Potterhanworth – February 1978

Potterhanworth Conservation Area covers 9 hectares, and covers the parts of the village around Barff Road, Main Road, Nocton Road, Middle Street and Cross Street. Around the Village Green and around the junction of Station Road with Main Road, buildings are generally in stone with slate or pantiled roofs, whereas elsewhere in the Conservation Area, red brick and slate or pantiles dominate. Throughout, buildings are generally 2 storey in height and, even where buildings are set back from the highway edge, hedges, walls and tree planting maintain the definition of the street. Gable ends are plain, and windows have a pronounced vertical emphasis. Trees are a vital component of the Conservation Area’s character.

Rauceby Hospital – November 1992

Rauceby Hospital Conservation Area has an area of 11.1 hectares, covers land which is included on the Register of Parks and Gardens of Special Historic Interest, and contains a number of hospital and ancillary buildings. The original hospital buildings are constructed of red brick with grey slate roofs, and represent an example of Victorian institutional architecture. They are predominantly 2 storey in height, large in scale, and are strongly symmetrical. The southern elevation is arranged as a crescent, whilst the northern elevation is dominated by the central administration block, which provides a strong focal point. The Conservation Area’s special quality depends upon the scale and grouping of the hospital buildings, the associated formal landscaping, and mature woodland.

Scopwick – December 1979

Scopwick Conservation Area covers an area of 8.9 hectares, and covers central and southern parts of the village. Buildings are predominantly stone-built, 2 storey in height and are set back slightly from Main Street and from Brookside. Single storey ancillary buildings are a common feature of the Conservation Area and are often linked to the main (2 storey) building, appearing as a single entity. The edges of the highways are generally well defined by hedges or stone walls, but nonetheless, the Conservation Area has a very open character thanks to the undeveloped space surrounding the beck at its centre. This openness gives building elevations particular prominence. Roofs are typically pantiled and steeply pitched, with plain verges and chimneys above their gable ends. Windows are generally recessed a few centimetres from the building’s elevation, and typically have small panes and a vertical emphasis.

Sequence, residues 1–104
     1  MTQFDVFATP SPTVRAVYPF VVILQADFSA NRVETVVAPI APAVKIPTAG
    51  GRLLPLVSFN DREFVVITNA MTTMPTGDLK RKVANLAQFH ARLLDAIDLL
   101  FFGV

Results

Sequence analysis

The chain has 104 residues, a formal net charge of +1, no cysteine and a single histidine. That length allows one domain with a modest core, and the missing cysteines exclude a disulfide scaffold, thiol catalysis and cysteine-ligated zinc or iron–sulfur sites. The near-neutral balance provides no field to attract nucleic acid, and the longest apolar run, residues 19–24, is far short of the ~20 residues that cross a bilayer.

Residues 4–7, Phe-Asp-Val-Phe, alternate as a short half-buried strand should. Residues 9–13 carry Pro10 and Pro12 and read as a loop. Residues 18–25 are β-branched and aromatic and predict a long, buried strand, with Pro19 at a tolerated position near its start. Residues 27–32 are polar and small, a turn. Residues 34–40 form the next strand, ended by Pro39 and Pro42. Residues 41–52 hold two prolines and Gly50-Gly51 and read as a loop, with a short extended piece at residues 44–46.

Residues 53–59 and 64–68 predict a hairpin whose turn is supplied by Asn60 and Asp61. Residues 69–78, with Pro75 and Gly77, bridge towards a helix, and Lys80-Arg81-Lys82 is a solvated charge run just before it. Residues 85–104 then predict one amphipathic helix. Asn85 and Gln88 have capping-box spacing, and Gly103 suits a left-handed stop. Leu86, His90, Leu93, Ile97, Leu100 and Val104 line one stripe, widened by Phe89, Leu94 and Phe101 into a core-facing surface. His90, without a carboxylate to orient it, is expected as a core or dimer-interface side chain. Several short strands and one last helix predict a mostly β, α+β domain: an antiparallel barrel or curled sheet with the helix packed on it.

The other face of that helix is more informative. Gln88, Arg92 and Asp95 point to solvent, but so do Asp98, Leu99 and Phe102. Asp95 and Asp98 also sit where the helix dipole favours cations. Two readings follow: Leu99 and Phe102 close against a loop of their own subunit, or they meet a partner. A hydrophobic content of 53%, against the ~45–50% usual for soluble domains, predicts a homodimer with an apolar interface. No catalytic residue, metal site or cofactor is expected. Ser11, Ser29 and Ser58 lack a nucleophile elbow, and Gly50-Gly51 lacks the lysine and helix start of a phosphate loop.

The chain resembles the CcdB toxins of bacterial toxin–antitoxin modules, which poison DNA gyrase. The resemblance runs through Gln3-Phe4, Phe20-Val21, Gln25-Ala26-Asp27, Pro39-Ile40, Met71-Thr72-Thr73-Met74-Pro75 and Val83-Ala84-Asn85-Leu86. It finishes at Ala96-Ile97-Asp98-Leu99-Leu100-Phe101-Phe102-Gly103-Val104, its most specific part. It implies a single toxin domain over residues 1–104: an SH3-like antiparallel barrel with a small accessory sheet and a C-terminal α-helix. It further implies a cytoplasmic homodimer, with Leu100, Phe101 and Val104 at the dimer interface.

Sleaford No.1 – January 1973, Sleaford No.2 – December 1977, and Sleaford Extension – November 1995

Sleaford Conservation Area covers an area of 44.7 hectares, and takes in the town’s historic core and land alongside the River Slea. The Area is generally densely-developed, with significant areas of open land only at its eastern and western extremities (playing fields and Sleaford Castle at the west, and extensive pasture land at the east). Buildings are generally located on the pavement edge, giving a strong sense of enclosure to most parts of the Area, and sharply defining the shape of the Area’s highways. Buildings are generally two or three storeys in height, and most are built in red brick (although stone is common in parts – most notably in Northgate and the Market Place), with slate or pantile roofs. Buildings generally run with ridgelines parallel to the street, and gable ends are usually finished with plain verges. Windows are almost universally vertical in emphasis, and many parts of the Area feature simple traditional shopfronts with a strong relationship between ground and upper floors. The Conservation Area generally contains few trees but, where they are present, trees contribute greatly to the Area’s character.